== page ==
(Lilian Vogl is a friend of mine who recently posted this note on her Facebook page. With her permission, I am sharing it here. –Mary Pezzulo.)
I resigned from office in the Republican Party over irreconcilable differences. Less than two years later, I am resigning and renouncing the American Solidarity Party because it has been an abusive relationship.
Pretty ironic for a group that names itself after the noble concept of solidarity, but it turns out the acronym ASP was much more apt.
It began the way many bad relationships do: a quick rebound romance, full of red flags that I should have paid more attention to at the start. I mentioned my general affinity for their platform in my GOP resignation manifesto, but expressed skepticism about their commitment to act like a mature political party. Nevertheless, I was immediately courted by the leadership at the time to lend my political expertise to their endeavor. I was troubled by the fact that their Presidential candidate had “liked” a number of Facebook pages of reactionary “Catholic” groups that oppose women working and Pope Francis, among other things. I had no intention of voting for him and was open about my support for Evan McMullin’s campaign since he was on the Virginia ballot and allowed my protest vote to be counted. Still, certain members of the National Committee pressed for me to join them, so I did shortly after the devastating November 2016 election.
I joined the party and the National Committee and was added to the party internal and external Facebook groups all at once. Immediately I noticed a number of group members on Facebook posting anti-“SJW,” pro-white nationalist, and other characteristically Alt-Right dog-whistling comments. Alarmed that I had gone from the frying pan of a Republican party infected at the fringes by these elements into the fire, I alerted the rest of the NC about my concerns and asked for help or permission to deal with them. Some members of the NC agreed this was a problem and authorized booting certain people or repudiating certain statements, but others protested that they didn’t see anything wrong with what was being said. At the time I thought they were being naïve. Later experiences would make me think otherwise.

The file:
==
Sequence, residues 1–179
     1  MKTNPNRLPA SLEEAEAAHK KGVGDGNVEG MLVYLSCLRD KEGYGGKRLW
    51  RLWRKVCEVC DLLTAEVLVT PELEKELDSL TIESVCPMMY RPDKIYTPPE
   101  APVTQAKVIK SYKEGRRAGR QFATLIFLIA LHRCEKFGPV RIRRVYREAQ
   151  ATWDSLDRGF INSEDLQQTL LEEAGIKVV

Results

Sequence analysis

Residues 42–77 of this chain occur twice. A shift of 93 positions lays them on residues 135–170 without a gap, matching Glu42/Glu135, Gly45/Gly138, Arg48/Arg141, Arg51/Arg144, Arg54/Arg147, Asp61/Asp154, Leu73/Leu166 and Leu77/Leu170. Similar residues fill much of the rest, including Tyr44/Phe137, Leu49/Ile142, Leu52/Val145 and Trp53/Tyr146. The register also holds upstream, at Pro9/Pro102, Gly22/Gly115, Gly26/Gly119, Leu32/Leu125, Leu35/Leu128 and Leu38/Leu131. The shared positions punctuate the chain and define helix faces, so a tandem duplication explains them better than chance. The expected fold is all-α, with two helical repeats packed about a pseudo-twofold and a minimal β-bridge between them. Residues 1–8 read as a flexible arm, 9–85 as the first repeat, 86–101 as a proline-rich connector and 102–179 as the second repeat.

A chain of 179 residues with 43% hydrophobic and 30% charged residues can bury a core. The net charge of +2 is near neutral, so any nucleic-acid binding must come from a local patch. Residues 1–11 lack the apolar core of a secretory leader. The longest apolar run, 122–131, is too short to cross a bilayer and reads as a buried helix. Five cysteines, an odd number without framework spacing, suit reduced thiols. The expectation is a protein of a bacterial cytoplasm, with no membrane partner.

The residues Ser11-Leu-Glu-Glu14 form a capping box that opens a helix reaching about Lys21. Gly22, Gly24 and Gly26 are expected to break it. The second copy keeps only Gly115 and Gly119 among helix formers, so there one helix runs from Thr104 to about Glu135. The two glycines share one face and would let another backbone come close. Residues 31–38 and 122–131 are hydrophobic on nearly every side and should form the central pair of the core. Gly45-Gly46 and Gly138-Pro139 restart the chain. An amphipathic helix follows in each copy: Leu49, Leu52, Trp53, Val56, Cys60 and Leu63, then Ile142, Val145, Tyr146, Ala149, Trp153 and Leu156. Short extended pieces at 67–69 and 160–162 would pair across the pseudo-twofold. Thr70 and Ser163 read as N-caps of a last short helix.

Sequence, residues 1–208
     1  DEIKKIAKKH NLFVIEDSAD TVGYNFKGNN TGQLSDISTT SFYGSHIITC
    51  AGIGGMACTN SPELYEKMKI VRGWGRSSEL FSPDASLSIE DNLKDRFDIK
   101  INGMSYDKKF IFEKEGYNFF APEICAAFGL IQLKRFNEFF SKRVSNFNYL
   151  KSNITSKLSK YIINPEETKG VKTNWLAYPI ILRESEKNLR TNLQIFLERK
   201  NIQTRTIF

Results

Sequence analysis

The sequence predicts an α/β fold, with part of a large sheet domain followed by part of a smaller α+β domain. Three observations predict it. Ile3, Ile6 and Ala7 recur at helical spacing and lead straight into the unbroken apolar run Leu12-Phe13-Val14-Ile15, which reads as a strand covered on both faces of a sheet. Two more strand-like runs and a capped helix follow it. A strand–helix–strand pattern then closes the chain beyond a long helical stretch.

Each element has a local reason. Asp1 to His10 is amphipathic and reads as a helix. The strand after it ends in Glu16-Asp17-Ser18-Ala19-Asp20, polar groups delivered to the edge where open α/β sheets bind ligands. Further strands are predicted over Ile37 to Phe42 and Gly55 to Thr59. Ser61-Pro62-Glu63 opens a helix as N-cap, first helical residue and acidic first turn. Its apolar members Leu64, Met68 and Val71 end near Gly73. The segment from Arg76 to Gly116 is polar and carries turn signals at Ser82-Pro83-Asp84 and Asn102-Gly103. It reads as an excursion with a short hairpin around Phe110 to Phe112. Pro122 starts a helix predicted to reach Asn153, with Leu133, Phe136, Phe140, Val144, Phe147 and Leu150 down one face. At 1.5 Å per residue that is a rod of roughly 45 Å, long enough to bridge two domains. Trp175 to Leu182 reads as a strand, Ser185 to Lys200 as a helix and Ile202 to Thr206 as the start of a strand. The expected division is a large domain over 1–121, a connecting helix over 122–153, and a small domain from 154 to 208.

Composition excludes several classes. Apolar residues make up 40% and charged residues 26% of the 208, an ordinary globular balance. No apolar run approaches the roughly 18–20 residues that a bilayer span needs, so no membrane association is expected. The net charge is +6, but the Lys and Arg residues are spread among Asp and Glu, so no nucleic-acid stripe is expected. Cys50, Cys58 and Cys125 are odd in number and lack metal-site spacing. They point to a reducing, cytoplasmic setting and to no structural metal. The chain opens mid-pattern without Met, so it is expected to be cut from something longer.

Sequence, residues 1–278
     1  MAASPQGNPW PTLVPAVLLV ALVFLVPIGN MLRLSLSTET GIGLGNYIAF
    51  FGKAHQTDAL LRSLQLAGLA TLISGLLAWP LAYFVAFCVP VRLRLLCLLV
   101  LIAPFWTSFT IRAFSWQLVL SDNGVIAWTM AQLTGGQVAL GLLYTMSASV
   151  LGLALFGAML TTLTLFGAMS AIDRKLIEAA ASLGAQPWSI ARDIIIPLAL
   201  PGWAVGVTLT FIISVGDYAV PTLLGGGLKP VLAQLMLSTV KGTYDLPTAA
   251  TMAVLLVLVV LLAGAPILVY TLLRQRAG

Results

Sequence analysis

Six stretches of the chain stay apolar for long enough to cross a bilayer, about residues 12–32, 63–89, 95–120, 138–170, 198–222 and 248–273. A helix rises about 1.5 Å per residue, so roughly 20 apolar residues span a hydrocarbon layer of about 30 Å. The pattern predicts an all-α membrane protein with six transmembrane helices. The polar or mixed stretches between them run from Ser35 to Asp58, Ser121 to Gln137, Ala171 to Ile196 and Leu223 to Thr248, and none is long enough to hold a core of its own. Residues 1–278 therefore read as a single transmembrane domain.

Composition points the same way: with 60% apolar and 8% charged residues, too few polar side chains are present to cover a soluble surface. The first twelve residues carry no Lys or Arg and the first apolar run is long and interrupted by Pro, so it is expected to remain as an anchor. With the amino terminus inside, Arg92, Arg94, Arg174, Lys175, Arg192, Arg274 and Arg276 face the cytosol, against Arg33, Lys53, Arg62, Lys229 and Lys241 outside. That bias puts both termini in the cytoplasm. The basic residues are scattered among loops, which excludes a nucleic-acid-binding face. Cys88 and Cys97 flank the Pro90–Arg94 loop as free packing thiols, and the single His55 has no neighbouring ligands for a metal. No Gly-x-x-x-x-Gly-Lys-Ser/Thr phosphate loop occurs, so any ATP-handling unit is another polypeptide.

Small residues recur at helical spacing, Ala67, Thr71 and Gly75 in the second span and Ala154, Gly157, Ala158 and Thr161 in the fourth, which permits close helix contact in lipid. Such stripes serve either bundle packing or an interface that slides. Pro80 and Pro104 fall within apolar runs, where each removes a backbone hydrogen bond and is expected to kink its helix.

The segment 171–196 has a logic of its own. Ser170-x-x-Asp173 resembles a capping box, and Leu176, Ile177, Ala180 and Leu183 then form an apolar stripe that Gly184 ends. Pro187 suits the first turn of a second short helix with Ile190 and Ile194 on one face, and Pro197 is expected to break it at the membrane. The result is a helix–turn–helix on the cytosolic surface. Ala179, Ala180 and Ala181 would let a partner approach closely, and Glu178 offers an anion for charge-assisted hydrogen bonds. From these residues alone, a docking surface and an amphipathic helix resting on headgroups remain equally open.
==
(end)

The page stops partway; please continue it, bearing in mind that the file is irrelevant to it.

My first few months on the NC were marked by rambling monthly videoconference meetings and frequent confusing Facebook Messenger chats used to do business. There was one other lawyer on the NC at the time who had experience running for office; none of the others had significant experience running a political or non-profit committee or with political campaigns in general. Despite this, my views on matters were routinely ignored by these inexperienced members. When we set up the platform revision committee, though I was plainly the most qualified person to lead it as someone with several years of experience with legislative drafting, they chose another NC member with no relevant experience to chair it. I almost quit then, but I saw there were going to be several competent people on the platform committee, and was offered to be Vice Chair of the committee, so I decided to stay and try to make the platform unifying and a good marketing tool for the party.
After weeks of the Platform Committee Chair failing work with the other members of the committee to agree on a process and unilaterally setting up a dauntingly long, complicated survey (it took 2-3 hours to complete for those who tackled it), I finally started caucusing the members of the committee who I thought were trustworthy to actually get the drafting work done, pushed passage of a procedure for adopting a single draft of each section, and effectively took charge of the platform revision process. That’s when the abuse really began. How dare I exercise leadership as a woman? I was supposed to serve the men in charge with my talents but let them call the policy shots. And it accelerated when I was elected Chair of the National Committee last July, becoming the main spokesperson for the party.
This past year acutely demonstrated to me the accuracy of the saying that a lie goes round the world while the truth is still getting its boots on. And as the #MeToo movement confronts religious institutions, we see time and time again how sadly common it is for people who claim to be religious leaders (and my detractors were all of the faction who wanted the ASP to be an overtly religious party, so they fit this profile) to abuse their authority, and ostracize and persecute those who expose the truth of their perfidy. And many dutifully religious followers instinctively back the abusers who claim righteousness for themselves, dismissing and even reviling the voices of those who are abused. Well,#TimesUp.
There is a strong appetite today for political realignment, for holistically pro-life, pro-human dignity approaches to women’s rights, immigration, healthcare, fair wages, combatting domestic violence, ending war, ending police brutality, combatting rising nationalism and racism—you name it. Such a movement MUST be built from its very foundation on an ethic of inclusion, honesty, and protection of the vulnerable. Solidarity isn’t tone policing, it is surrendering our privilege to support the oppressed. A deceptively-named club that doesn’t understand that basic concept is doomed to failure. Something new will arise from these ashes. I’m not sure what, and I’m not sure how or whether I might be involved. I’m quite sure it won’t come from me hanging around with my abusers, nor with those who say if I’d only be more deferential to them that there could be “reconciliation” without repentance and restitution of truth. I do still have hope that the long arc of history bends towards justice, but only if we all commit to the hard and oftentimes uncomfortable work of making it so.
(image via Pixabay)